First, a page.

something about Anna
By Diogenes (articles ) | Nov 19, 2005
Rallying the garrison in the abortion wars , Anna Quindlen lashes out at irrational bickering and asks: why can't we compromise and do it my way?
Imagine how it could transform the landscape if somehow abortion were absent from government intervention or interference. Those who believe it is a moral wrong could fight through hearts and minds, not laws that would resurrect the Lysol and the garden hose. Those who believe it is a woman's personal decision could choose either to end a pregnancy or to continue it and have a child. How much money could be raised for safe abortions for poor women and for prenatal care, too, if it didn't need to be poured into the incessant pinball game of partisan politics. And judges could return to those issues that lend themselves to jurisprudence instead of puzzling out the singular fact patterns of the womb.
Taken at face value, this is an argument against any and all laws ("those who believe kidnapping, incest, or treason are moral wrongs could fight through hearts and minds...") but of course the point of the article is not to advance an argument at all. Quindlen is not an arguer but a cheerleader, bucking up flagging liberal spirits by chanting stereotyped boasts in the hope that sympathetic spectators will pick up the refrain.
When a cheerleader gives her pom-poms a shake and shouts, "We're Number One!" you don't stop her and say, "Prove it." She'd look at you blankly. Were you to present her with hard stats on the number of missed trap-blocks and failed third-down conversions, she would not be inclined to alter her message. Nor does her unwillingness to change indicate a lack of intelligence. She's a cheerleader. Truth is not what she's there for.
Unlike arguers, cheerleaders address themselves only to one half of the audience. They neither expect nor desire to make converts from among the opposition. Picture a spectator who overhears the other side's chants, strokes his chin thoughtfully, thinks, "Yes, yes. There's a lot to what they're saying," and changes allegiance. Were such a man to announce the basis of his "conversion" to his new mates, they'd probably be more wary than welcoming. Those pom-pom girls who were students of Habermas would sit the convert down and patiently explain that the proposition "We're Number One," though formally assertoric, was not advanced as a "criticizable validity claim."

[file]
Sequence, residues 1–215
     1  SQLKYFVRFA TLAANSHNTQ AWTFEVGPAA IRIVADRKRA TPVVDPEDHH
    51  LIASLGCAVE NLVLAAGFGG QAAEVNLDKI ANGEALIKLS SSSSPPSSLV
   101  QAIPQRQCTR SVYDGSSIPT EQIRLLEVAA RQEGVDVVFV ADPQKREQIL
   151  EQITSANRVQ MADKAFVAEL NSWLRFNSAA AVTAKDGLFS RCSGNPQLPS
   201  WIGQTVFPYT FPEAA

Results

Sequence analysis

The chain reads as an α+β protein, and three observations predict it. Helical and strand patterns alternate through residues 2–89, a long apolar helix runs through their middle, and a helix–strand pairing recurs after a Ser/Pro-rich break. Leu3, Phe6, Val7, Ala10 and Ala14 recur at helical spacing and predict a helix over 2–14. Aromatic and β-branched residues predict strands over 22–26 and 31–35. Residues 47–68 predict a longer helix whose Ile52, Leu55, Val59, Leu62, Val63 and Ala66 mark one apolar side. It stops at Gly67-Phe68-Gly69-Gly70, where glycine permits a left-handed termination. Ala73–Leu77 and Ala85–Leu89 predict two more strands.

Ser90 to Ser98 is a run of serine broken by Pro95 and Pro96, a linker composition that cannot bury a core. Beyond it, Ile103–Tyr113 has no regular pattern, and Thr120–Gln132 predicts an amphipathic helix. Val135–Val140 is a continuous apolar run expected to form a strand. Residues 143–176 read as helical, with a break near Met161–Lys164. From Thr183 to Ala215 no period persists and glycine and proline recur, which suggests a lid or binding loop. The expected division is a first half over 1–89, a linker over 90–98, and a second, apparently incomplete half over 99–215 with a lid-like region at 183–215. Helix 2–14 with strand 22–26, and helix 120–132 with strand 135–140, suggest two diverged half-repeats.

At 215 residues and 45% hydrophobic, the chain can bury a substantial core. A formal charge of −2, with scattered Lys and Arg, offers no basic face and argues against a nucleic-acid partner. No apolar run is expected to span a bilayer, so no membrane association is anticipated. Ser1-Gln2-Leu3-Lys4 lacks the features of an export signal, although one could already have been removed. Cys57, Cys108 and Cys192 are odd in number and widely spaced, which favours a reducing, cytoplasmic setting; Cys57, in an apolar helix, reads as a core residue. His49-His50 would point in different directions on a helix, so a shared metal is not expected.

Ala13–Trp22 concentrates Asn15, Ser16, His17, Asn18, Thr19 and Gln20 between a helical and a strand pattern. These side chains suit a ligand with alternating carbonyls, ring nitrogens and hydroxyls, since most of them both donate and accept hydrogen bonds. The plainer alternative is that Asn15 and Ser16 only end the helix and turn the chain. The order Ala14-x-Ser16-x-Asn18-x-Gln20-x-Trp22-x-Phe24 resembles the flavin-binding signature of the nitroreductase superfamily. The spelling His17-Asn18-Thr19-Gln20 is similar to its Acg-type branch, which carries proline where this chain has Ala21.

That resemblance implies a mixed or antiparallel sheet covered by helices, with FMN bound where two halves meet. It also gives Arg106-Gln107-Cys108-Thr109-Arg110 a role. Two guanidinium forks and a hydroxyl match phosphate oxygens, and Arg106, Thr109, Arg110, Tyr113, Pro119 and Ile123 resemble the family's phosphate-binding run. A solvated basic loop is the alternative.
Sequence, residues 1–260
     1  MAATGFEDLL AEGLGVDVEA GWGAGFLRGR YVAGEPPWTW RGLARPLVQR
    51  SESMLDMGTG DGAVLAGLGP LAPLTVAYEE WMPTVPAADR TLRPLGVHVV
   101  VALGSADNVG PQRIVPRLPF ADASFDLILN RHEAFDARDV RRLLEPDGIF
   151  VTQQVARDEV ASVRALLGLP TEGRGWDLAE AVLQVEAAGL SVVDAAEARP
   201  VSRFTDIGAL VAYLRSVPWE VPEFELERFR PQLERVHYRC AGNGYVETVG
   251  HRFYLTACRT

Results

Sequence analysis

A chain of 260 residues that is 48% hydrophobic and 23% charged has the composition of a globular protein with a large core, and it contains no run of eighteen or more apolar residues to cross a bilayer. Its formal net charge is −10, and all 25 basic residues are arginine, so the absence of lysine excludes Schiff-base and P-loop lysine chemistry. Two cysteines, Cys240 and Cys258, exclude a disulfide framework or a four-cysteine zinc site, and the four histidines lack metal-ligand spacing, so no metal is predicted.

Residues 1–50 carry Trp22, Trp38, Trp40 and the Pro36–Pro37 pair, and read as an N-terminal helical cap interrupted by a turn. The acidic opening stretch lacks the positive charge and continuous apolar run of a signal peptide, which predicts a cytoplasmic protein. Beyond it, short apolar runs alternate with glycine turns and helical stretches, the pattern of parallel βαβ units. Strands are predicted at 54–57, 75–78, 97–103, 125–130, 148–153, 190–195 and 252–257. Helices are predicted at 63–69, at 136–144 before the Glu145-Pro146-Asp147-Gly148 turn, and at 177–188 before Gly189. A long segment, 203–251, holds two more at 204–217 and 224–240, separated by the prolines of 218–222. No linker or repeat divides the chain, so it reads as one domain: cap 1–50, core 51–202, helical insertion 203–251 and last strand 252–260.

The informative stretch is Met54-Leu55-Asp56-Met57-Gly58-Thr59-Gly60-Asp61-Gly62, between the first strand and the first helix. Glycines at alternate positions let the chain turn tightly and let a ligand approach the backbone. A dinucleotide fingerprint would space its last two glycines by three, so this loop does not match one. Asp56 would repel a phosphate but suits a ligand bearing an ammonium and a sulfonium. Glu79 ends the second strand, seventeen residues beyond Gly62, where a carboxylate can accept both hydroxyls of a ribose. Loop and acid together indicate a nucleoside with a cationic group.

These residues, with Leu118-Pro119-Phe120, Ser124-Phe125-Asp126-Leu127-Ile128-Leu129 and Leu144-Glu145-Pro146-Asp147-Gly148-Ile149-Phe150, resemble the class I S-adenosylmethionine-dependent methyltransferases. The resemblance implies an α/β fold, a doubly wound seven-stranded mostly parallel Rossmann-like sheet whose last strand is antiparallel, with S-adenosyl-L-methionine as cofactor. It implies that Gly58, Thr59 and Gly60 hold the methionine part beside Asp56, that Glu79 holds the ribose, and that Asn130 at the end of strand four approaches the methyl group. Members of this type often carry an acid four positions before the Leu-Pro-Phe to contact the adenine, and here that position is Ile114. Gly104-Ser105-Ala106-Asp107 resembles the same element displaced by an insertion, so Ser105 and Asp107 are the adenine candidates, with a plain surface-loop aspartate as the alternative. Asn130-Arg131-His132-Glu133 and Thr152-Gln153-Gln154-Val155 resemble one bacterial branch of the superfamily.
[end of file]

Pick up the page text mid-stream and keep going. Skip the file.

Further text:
I doubt Quindlen herself believes she's addressing all disputants in the abortion debate. No one who held opinions contrary to hers could imagine that she had engaged them. I fancy Quindlen would be put off by a reader who told her, "I used to be anti-choice. But thanks to your brilliant essay in Newsweek, I now think that killing the innocent is the murderer's private decision and government interference should be abominated." It would entail a misreading as grave as that made by our football fan apostate. Re-read her concluding paragraph. She's a cheerleader. Truth is not what she's there for.
An appeal from our founder, Dr. Jeffrey Mirus:
Dear reader: If you found the information on this page helpful in your pursuit of a better Catholic life, please support our work with a donation. Your donation will help us reach seven million Truth-seeking readers worldwide this year. Thank you!
Our Spring Challenge Grant
Progress toward our Spring Challenge Grant goal ($23,735 to go):
All comments are moderated. To lighten our editing burden, only current donors are allowed to Sound Off. If you are a donor, log in to see the comment form; otherwise please support our work, and Sound Off!
Posted by: mrb -
Nov. 22, 2005 10:31 PM ET USA
Hannah, I don't understand what is illogical about having a baby. You have sex, you get pregnant, you (hopefully) give birth. Sounds logical to me. What's illogical is trying to escape from the sex, pregnancy, birthing continuum. You want A but don't want B which results from A. Illogical. Mary Rose Brandt
Posted by: Fiducia -
Nov. 20, 2005 9:20 AM ET USA
The public must be confronted with a single, focused argument: pro-lifers want abortion outlawed because (and only because) it is murder. The arguments against it cannot be presented as part of a package of moral/sexual/sociological/religious viewpoints. Many people are pro-choice for the same reason that they accept gay marriage ---- they hear arguments that suggest further restrictions on their personal freedoms. We must make it clear that stopping the killing is our only political goal.
Posted by: John J Plick -
Nov. 20, 2005 8:42 AM ET USA
"Why can't we all do 'our own thing' and 'be happy?'" Shades of the Beatles... Nihlistic nonsense to be sure... "My 'private actions' don't affect you..." ? Delusional thinking The only "irrational one" here is Anna Quindlen
Posted by: -
Nov. 20, 2005 7:08 AM ET USA
I'm glad you're on our side, Diogenes. Or, I'm glad I'm on your side.
Posted by: Ignacio177 -
Nov. 20, 2005 3:25 AM ET USA
Diogenes, Do you work? How do you have time to think of this stuff? This is a great analysis of many writers/cheerleaders that are published today.
Posted by: Gino -
Nov. 19, 2005 9:59 PM ET USA
Thank God the Church still is "Old Fashioned" and doctrinaire enough to insist that killing innocents is murder plain and simple. Maybe some day our Bishops will attempt to thwart our "Catholic" pro death politicians.
Posted by: -
Nov. 19, 2005 5:11 PM ET USA
The abortion industry knows and understands this about most women--that we are emotional creatures by nature, not hard-wired for logic. I think that if we were, we wouldn't go through the tortures of childbearing. The real crime here is that we women are not so logical as the Diogenes' of the world, the crime here is that there is an industry willing to exploit the nature of women, and plenty of men in our religious, medical, educational and government institutes willing to stay silent about it.